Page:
by Richard Rodger (Edinburgh University)
The author is Professor Emeritus of Economic and Social History at Edinburgh University and a Fellow of the Academy of Social Sciences. He has published widely on British and European urban history, including a recent article in the Economic History Review.
For a country obsessed with its history, we are rather casual with our records. We authorize transcriptions of our censuses, but do not cross-check the accuracy of the digitized version.
Take this example from Rochdale in 1871; see figure 1. The enumerator’s handwriting is very precise. Transcription should be straightforward. But it is not a full (never mind an exact) transcription as it appears in the digitized census.
Figure 1. Census and transcription for Rochdale, 1871
Worse still, editorial information has been added which undermines the claim to an ‘accurate transcription’. For example, a ‘birth year’ column is introduced but is an automated addition with only a 50 per cent chance of being accurate. Mary Ann Fitton declared she was aged 57, which the digitized census calculates to be 1814 (i.e. 1871 minus 57), which is assigned as her year of birth. But suppose her date of birth was in between June and December 1813? She would be 70 when the census was taken on 2 April 1871. The column purports to provide accuracy. Instead, it manufactures inaccuracy which misleads those who then search through record linkages for death certificates, wills, and other documents.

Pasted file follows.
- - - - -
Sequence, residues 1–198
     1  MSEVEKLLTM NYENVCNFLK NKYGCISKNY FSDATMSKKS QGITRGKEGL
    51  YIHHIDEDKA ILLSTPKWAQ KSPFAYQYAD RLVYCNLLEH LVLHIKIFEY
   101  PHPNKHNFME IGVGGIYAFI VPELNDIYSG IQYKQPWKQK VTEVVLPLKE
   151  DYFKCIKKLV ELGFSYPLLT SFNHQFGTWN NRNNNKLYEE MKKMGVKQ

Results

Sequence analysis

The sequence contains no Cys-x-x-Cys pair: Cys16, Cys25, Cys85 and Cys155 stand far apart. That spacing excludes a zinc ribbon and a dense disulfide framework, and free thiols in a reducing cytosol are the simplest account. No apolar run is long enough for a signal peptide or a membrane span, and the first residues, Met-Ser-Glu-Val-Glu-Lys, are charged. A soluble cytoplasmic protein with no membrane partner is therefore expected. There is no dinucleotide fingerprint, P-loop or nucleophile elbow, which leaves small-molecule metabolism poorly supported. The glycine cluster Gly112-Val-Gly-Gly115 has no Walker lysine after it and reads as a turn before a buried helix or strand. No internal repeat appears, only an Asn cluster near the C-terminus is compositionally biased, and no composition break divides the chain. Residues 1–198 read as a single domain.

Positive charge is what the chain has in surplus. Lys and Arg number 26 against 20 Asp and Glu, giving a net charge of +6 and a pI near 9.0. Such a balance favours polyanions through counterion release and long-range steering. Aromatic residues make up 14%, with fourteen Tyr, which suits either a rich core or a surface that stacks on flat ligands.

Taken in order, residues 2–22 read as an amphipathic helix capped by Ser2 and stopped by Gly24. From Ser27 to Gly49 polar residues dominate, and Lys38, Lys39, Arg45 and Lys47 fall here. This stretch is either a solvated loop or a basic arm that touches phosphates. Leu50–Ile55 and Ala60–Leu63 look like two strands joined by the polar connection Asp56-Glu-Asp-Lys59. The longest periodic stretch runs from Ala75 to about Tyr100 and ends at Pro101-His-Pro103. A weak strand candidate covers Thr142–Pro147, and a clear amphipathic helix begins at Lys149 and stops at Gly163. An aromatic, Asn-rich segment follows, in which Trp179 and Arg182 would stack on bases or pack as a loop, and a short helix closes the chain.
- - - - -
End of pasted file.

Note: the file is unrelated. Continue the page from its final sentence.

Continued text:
In Scotland, matters are worse. Paying subscribers are not even permitted to see an image of the original document. Worse still for Scotland, it is not possible to consult the enumerators’ books page by page, and so searches are at the level of an individual record and so more time-consuming, and thus more expensive to search. And of course, the digitized Census of Scotland for 1911 is not yet available on the same basis as in England, and as for the 1921 Census in Scotland, well …
Just as frustrating is the inaccurate spelling of street names in the digitized censuses. This could quickly and cheaply be cross-checked and corrected by a panel of local historians who could also vet the surnames which are often mis-spelled (approximately 1 in 20 according to my recent sample of 13,000 individuals) in the digitized version. As the heaviest users of the digitized census, local historians would willingly provide a reservoir of free labour to improve the quality of what should be a priceless historical asset – OUR censuses.
Surely it is time for some form of audit and quality control to be introduced into this aspect of government expenditure.
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